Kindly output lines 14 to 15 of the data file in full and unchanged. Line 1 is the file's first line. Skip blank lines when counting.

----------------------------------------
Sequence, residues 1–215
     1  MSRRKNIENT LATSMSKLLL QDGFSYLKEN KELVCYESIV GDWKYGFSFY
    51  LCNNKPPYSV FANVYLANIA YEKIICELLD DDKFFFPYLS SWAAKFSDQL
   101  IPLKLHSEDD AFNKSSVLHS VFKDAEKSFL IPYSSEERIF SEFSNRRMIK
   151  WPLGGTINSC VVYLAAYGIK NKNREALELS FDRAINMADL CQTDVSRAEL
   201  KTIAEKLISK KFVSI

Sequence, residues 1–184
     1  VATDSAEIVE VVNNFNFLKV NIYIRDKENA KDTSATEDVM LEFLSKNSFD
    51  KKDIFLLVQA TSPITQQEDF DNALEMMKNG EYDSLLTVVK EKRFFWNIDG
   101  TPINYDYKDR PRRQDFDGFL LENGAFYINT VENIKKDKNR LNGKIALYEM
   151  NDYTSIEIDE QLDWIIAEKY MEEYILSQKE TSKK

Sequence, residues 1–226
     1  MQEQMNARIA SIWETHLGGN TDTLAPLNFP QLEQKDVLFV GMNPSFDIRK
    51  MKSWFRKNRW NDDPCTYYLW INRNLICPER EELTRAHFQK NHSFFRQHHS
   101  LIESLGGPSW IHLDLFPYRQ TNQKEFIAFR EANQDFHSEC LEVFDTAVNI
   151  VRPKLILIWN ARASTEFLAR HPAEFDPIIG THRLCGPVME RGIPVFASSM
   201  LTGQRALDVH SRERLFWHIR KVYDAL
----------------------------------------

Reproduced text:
    51  MKSWFRKNRW NDDPCTYYLW INRNLICPER EELTRAHFQK NHSFFRQHHS
   101  LIESLGGPSW IHLDLFPYRQ TNQKEFIAFR EANQDFHSEC LEVFDTAVNI